What is a Disposable Speculum?

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  • Written By: Mary McMahon
  • Edited By: Kristen Osborne
  • Last Modified Date: 24 February 2020
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A disposable speculum is a specialized medical instrument intended for a single use. Speculums are designed to allow a doctor to directly visualize an internal cavity of the body such as the ear or the anus. While they were historically made from materials that were designed to be sterilized and reused, today it is increasingly common to see physicians using disposable speculums, for a variety of reasons. Medical supply catalogs sell these instruments and they can also be purchased through medical clinics.

The shape and size of a speculum varies, depending on where the device is designed to be used. Some have blades that allow the instrument to be inserted and then opened to hold a cavity open, as seen with speculums designed for the mouth, anus, and vagina. For examination of the ears and eyes, the speculum takes the form of a small cone that allows the care provider to focus a bright light on the area of interest for close examination.

With a disposable speculum, the doctor uses the instrument once and then discards it. Plastic is commonly used for these tools because it is relatively inexpensive, insert, and easy to work with. The speculum comes in sterile packaging to ensure that it is clean when it is used on a patient. The physician can also be assured that the speculum is not being reused by accident, as it should be provided in sealed packaging.


Speculums designed for ear and eye inspections are usually designed to fit onto devices like otoscopes. The disposable speculum fits onto clips at the end and is changed between patients, while the otoscope is wiped down so that it can be reused. Since examinations of ears and eyes are common in clinical settings, it is not uncommon for a disposable speculum dispenser to be fitted onto the wall of an exam room so that clinicians can quickly access clean instruments when they need them. Sizes are varied for patients of different sizes and are clearly marked on the dispenser.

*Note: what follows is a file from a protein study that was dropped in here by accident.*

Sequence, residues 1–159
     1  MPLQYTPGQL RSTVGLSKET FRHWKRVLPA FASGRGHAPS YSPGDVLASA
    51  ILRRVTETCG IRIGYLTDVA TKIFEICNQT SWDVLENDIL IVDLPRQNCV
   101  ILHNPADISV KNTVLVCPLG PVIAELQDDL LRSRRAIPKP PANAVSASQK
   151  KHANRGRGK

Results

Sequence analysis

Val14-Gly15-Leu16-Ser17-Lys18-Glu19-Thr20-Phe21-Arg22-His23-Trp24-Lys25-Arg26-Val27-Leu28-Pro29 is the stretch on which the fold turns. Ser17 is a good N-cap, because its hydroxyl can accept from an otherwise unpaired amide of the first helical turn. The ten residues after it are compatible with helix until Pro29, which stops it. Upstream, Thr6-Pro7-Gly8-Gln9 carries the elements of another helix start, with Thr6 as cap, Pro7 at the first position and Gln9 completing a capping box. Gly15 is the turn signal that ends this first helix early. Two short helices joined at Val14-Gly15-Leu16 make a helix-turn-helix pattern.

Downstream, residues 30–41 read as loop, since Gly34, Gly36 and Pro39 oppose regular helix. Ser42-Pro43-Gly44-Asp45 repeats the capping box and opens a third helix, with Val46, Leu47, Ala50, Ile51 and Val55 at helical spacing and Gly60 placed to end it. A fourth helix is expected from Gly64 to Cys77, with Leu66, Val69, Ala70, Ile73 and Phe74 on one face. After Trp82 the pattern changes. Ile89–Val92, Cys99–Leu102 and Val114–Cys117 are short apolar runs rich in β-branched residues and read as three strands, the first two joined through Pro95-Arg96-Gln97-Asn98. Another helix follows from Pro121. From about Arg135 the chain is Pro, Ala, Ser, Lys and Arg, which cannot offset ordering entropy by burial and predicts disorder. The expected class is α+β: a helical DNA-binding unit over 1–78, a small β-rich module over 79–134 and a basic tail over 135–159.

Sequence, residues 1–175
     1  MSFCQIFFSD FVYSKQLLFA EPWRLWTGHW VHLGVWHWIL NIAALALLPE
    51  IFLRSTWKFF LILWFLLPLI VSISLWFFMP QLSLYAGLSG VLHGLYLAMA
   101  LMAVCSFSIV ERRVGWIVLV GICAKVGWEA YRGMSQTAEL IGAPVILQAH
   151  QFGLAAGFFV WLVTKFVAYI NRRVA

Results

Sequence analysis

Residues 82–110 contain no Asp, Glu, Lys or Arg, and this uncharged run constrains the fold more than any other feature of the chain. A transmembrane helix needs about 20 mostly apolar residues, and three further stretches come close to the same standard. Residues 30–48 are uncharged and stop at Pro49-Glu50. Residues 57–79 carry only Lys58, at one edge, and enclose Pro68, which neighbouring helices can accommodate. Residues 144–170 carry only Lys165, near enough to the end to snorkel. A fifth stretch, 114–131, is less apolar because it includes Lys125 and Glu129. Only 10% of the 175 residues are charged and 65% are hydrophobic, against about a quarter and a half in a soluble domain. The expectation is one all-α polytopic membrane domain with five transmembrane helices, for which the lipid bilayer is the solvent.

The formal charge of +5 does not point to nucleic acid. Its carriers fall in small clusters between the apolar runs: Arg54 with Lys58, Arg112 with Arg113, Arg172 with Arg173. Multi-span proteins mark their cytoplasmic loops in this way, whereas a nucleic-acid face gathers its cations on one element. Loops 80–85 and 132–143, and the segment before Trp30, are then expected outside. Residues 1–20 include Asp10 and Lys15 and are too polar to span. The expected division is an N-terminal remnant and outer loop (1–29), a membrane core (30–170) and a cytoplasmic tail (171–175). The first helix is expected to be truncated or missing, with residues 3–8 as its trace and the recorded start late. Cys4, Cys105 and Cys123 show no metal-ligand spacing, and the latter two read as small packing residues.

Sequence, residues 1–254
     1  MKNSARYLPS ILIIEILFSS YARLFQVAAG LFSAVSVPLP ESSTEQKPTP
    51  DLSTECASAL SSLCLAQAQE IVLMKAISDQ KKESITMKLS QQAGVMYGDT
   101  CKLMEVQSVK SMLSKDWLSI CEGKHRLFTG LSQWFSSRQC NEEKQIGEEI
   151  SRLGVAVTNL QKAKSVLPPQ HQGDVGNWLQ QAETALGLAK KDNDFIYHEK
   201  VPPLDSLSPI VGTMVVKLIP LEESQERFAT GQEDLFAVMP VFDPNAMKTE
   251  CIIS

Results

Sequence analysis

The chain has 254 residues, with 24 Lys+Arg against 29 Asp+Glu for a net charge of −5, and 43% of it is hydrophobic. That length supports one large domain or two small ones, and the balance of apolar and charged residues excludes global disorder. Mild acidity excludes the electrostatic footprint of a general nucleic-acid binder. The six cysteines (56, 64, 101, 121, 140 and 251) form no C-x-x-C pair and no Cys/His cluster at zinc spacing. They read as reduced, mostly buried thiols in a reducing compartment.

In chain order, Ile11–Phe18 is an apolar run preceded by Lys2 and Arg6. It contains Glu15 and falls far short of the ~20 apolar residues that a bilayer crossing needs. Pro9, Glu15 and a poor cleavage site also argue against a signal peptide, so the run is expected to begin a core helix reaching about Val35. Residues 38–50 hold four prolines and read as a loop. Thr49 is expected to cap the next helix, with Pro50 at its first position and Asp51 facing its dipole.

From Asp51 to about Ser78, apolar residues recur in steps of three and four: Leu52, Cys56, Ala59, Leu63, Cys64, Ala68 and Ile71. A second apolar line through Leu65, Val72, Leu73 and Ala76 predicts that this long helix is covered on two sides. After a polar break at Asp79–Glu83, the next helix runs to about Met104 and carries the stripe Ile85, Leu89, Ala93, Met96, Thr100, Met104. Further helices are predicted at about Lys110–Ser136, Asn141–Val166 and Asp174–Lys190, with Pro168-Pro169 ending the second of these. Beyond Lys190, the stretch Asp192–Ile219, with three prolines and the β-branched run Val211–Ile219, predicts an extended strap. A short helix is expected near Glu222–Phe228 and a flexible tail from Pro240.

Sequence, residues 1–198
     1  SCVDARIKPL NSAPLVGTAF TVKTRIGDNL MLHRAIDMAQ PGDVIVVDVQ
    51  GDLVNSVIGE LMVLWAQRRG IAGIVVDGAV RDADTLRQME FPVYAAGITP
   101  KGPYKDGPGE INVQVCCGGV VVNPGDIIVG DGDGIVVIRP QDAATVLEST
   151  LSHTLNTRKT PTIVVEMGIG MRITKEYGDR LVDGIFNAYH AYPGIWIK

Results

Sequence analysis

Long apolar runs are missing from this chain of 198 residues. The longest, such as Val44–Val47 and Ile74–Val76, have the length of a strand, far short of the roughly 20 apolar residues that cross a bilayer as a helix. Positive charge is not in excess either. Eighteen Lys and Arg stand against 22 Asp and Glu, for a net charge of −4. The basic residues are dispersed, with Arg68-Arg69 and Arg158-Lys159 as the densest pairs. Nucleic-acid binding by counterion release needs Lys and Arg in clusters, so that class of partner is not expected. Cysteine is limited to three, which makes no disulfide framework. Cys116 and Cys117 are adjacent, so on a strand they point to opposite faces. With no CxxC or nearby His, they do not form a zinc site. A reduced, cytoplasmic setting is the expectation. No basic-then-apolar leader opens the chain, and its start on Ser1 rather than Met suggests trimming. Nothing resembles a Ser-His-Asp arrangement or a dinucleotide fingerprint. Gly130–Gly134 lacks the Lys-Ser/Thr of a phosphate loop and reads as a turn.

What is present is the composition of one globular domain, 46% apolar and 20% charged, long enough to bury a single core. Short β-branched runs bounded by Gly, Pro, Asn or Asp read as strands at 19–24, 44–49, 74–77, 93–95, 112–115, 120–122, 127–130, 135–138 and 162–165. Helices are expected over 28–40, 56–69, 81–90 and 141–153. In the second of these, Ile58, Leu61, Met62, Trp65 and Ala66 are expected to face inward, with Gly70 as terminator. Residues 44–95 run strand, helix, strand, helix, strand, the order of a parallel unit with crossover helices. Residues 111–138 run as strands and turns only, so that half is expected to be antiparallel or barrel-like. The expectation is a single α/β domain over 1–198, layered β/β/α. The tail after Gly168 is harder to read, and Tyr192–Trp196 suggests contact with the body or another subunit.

In the case of bladed speculums designed to hold body cavities open for examinations and procedures, the devices also come in a range of sizes and styles for different applications. One advantage of using a plastic disposable speculum is that people can visualize the sides of the body cavity through the clear plastic blades. This can allow clinicians to spot cellular changes and anatomical variations that might be hidden behind a reusable metal speculum.


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Post 11

I'm a retired nurse, and I think that my new GP may be reusing disposable plastic single-use vaginal speculae. I did not see the wrapping, the assistant entered the room holding the speculum, and there was a clear transparent glove over each blade. I can't remember if she disposed of it after the procedure. The procedure itself was very painful from the outset, and when he was done, I wiped myself, and there was a bit of blood (external). On my way home, I was trying to figure out why it would be so painful, and the pain was vaginal, around the orifice, not near the cervix, and I've never experienced this before. I'm pretty certain there was no

lubricant or even water used. And, it felt like he just pushed the instrument in without separating my labia with his free hand.

I'm trying to decide if I should ask him about his procedure/technique. I think they are either using the gloves instead of lubricant (which doesn't make any sense) or they are using gloves so they can reuse the speculum. I kind of think that even if I'm right, they would not admit it. I think though, that they are reusing them, those those clear disposable gloves are so flimsy, they could easily tear, and result in spreading infection.

Any ideas what I should do ? Should I talk to him or just leave it ?

Post 10

Metal speculums should never be used. There have been too many incidents (in the USA and the UK) where mistakes were made and the instruments weren't sterilized properly.

Post 9

Are they supposed to be thrown away in a bio hazard bag or regular trash?

Post 8

@sunnySkys - I don't know...I mean, if we ruin the environment, it's not going to matter if everyone has a healthy reproductive system! There must be some happy medium between going totally disposable and reusing some things.